This  nurse shared her experience  working in a large ward in England where she cared for over 50 patients.   Paper charts and hand-counted pills didn’t stop her from offering back rubs.  It was good medicine,  and would help her patients heal and feel better.

There are eye-opening moments in most Compassionate Touch training sessions when the learners realize how little time it takes to offer expressive touch!

Finding time is possible.   Consider a pocket of time 10-20  minutes before the end of a shift (when the cell phones usually come out). Think about the rest time after lunch and offer a back rub prior to assisting a resident to bed.

Ancillary personnel can also engage in expressive touch with residents if trained properly.   To that end, work together as a multi-disciplinary team to find time to improve the quality of life for your residents,  and your staff.

For more information about spreading the power of compassionate touch to your community, visit http://www.ageucate.com.

Julie has worked in Aging Services for over 30 years and has been a Licensed Nursing Home Administrator since 1990. She is a Certified Master Trainer with the AGE-u-cate Training Institute. Through her company Enlighten Eldercare,  Julie provides training and educational programs on elder caregiving for family and professional caregivers.  She is an instructor and the Interim Director of Gerontology at Northern Illinois University and lives in the Chicago Northwest Suburb of Mount Prospect, IL.

A Special Grandparent’s Day

Lessons from an old tree.

You might be wondering why a picture of an old tree? This tree caught my attention while on a walk through a nearby forest preserve. I studied its shape, holes, splinters, and ragged edges. I didn’t know then why it captivated me so, but it did.

This tree, such as it is, a shell of itself from long ago still stands. How miraculous is this? Despite the trauma over the years, damaging winds, hail, heavy snow and ice, it still stands. Indeed, time is stamped on this tree, and its roots are weaker and deteriorated.  But it stands proudly, majestically demonstrating its resilience and strength.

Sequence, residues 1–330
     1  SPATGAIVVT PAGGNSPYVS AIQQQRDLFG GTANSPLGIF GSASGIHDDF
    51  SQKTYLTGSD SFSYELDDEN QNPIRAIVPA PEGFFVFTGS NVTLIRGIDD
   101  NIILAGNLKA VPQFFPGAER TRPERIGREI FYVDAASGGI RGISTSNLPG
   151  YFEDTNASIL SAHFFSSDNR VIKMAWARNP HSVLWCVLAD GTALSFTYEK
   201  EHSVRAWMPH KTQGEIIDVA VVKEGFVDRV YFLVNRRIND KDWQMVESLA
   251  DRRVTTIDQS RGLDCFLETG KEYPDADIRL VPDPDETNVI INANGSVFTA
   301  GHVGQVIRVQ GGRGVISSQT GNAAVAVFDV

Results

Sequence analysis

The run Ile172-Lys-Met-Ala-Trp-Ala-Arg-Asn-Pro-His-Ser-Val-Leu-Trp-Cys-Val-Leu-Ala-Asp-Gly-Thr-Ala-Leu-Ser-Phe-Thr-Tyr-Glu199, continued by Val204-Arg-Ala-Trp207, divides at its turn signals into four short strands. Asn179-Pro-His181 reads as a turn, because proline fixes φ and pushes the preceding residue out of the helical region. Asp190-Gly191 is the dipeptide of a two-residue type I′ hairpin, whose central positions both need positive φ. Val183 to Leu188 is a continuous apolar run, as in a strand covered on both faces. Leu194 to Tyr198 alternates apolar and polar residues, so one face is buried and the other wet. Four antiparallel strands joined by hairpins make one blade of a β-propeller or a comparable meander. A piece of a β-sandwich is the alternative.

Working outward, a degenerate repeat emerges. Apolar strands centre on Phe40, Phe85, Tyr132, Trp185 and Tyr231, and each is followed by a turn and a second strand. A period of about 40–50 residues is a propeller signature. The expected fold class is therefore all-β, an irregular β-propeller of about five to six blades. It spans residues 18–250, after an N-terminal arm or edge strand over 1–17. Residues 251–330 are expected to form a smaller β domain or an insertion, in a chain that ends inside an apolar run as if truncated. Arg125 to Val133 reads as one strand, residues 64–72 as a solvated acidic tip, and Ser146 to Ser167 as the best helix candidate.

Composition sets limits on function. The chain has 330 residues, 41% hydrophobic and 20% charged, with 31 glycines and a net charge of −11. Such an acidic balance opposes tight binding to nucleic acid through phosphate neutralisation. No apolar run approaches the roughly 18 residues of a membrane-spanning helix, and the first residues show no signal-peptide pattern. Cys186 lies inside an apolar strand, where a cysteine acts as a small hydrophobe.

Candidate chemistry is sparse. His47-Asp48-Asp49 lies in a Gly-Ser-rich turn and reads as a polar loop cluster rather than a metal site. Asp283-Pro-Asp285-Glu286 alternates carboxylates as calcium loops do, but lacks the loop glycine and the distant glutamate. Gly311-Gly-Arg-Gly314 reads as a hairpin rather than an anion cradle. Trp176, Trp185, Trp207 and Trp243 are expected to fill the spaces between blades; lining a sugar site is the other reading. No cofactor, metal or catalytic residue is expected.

I’ll call her Matilda (my grandmother’s name). Imagine the experiences she lived through and the stories she could tell. If only we had the opportunity to learn from this wise old oak. I would love to know what this forest preserve was like 50 or maybe even 100 years ago.

I speculate that sometimes Matilda had to dig deep for water and call on strength to brace against the hard times. But, she also got to bask in the glory of the nourishing sun and gentle rains and was probably thankful for the good times.  Her wisdom is unmatched in the forest, I am sure.

Matilda likely housed many critters over the years and created a safe space for them to call home. How many different species did she encounter over time? Insects, rodents, mammals, birds, canines felines, all in various sizes, shapes, and colors. Some may have taken advantage of her, but hopefully, most treated her with kindness and respect.

A Little Extra for Grandparents Day

This tree personifies grandparents for me, and that’s why I admire it so much.  I think it is true that you don’t know what you had until it is gone.  Three of my grandparents didn’t see me graduate from high school, and the last, my grandfather, died when my daughter was six years old.  She has only a faint memory of him.

It’s not too late to extend Grandparent’s day.   I know I would if I could.

I attribute my love for working with and advocating for the welfare of older adults to the loving relationship I had with both sets of grandparents. The memories I have of them all fill my heart with that longing to have just one more conversation.

Grandparents deserve to be celebrated! Congress had this right in 1978 when Jimmy Carter signed the proclamation.

If you have the good fortune to have a living grandparent, learn all you can from your beautiful, wise tree.

 

Julie has worked in Aging Services for over 30 years and has been a Licensed Nursing Home Administrator since 1990. She is a Certified Master Trainer with the AGE-u-cate Training Institute. Through her company Enlighten Eldercare,  Julie provides training and educational programs on elder caregiving for family and professional caregivers.  She is an instructor and the Interim Director of Gerontology at Northern Illinois University and lives in the Chicago Northwest Suburb of Mount Prospect, IL.